Cleveland Police admit data breach after sharing personal details of more than 1,600 people on force website

Cleveland Police uploaded the information of more than 1,600 people onto its website in a data breach.

Thursday, 4th October 2018, 3:50 pm
Updated Friday, 5th October 2018, 1:33 am
Cleveland Police admit data breach.

The force became aware of the breach on September 28 after an excel spreadsheet containing personal data was published on the website.

The information was uploaded on July 24 this year and taken down as soon as staff were made aware of the breach. It included names, dates of birth, ethnicity, limited health and wellbeing data, but not home addresses.

Chief Superintendent Ciaron Irvine.

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A spokesman said the force is required to publish data on officers’ use of force including restraint, handcuffing, use of Taser or irritant spray.

The excel spreadsheet contained two data tabs - a redacted version which would ordinarily be published - and an additional tab which contained the personal information of 1,661 people who were subject to force being used between April 1, 2018 and June 30, 2018.

As well as the data of members of the public, it also showed the names, collar numbers and training details of officers and staff who had used the force on the individual person.

The spokesman said: "We have been able to see that the entire spreadsheet has been accessed on a small number of occasions during the time it was in the public domain; however as the spreadsheet shows the redacted information first, it’s likely many of these people did not click on the additional data tab at the bottom of the screen.

"As soon we were made aware of the data breach, steps were taken to remove the information from public view and the breach was referred to the Information Commissioner."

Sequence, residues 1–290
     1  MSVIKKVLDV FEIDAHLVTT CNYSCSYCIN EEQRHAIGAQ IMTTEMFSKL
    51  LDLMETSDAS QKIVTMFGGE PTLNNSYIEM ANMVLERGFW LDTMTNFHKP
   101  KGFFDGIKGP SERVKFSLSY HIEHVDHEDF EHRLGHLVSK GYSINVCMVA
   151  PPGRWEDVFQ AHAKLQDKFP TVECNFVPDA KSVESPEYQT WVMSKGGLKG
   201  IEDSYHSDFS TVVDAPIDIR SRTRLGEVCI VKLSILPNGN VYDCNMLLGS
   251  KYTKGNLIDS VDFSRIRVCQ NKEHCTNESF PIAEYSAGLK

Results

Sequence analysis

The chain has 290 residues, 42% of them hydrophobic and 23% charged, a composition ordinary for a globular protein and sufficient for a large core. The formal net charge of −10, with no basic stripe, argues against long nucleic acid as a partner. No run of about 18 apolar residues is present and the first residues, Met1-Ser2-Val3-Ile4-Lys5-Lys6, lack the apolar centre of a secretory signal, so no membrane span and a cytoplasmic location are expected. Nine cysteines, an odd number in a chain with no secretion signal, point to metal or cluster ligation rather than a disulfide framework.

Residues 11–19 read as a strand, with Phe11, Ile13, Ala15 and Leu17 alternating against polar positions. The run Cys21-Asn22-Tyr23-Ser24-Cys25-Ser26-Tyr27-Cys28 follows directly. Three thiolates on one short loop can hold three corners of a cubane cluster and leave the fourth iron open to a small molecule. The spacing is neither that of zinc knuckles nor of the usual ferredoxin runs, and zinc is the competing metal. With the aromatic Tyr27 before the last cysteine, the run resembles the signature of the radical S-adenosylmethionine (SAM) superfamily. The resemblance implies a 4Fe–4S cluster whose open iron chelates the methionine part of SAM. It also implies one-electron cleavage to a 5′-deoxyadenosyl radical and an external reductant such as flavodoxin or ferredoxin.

An investigation by the Cleveland Police Directorate of Standards and Ethics found that the incident occurred due to human error and safeguards have been put in place to reduce the risk of a similar incident happening in the future.

Chief Superintendent Ciaron Irvine, said: "Cleveland Police takes its responsibilities over the proper handling of personal information very seriously and I am particularly disappointed that this has happened.

"The public can be assured that we have acted swiftly to minimise the impact of this data breach and will ensure that we do everything we can to prevent a similar occurrence in future."

In the majority of cases use of force will be prior to or following an arrest. The use of force includes compliant or non-compliant handcuffing, use of dogs, drawing or use of baton, limb or body restraints, use of taser, shield, drawing or use of irritant spray, drawing or use of baton rounds, discharging of firearms, and unarmed skills, including strikes, restraints and take downs.

Cleveland Police is considering efforts to contact those affected directly, however anyone who believes they will be affected can have their concerns addressed by calling 101 citing reference number 182835.